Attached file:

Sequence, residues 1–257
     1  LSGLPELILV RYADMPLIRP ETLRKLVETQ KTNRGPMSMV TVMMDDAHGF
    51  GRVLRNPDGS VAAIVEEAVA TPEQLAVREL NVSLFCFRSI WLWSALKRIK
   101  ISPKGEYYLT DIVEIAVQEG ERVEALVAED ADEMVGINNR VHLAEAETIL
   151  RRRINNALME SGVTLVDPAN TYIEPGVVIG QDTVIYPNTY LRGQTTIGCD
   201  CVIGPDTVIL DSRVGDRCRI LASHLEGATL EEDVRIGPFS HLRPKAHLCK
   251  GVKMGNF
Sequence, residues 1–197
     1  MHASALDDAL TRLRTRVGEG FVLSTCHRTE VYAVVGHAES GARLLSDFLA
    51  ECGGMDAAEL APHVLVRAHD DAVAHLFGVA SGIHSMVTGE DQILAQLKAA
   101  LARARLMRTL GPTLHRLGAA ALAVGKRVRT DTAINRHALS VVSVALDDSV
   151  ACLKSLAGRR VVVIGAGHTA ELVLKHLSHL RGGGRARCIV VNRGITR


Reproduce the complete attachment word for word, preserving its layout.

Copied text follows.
Sequence, residues 1–257
     1  LSGLPELILV RYADMPLIRP ETLRKLVETQ KTNRGPMSMV TVMMDDAHGF
    51  GRVLRNPDGS VAAIVEEAVA TPEQLAVREL NVSLFCFRSI WLWSALKRIK
   101  ISPKGEYYLT DIVEIAVQEG ERVEALVAED ADEMVGINNR VHLAEAETIL
   151  RRRINNALME SGVTLVDPAN TYIEPGVVIG QDTVIYPNTY LRGQTTIGCD
   201  CVIGPDTVIL DSRVGDRCRI LASHLEGATL EEDVRIGPFS HLRPKAHLCK
   251  GVKMGNF
Sequence, residues 1–197
     1  MHASALDDAL TRLRTRVGEG FVLSTCHRTE VYAVVGHAES GARLLSDFLA
    51  ECGGMDAAEL APHVLVRAHD DAVAHLFGVA SGIHSMVTGE DQILAQLKAA
   101  LARARLMRTL GPTLHRLGAA ALAVGKRVRT DTAINRHALS VVSVALDDSV
   151  ACLKSLAGRR VVVIGAGHTA ELVLKHLSHL RGGGRARCIV VNRGITR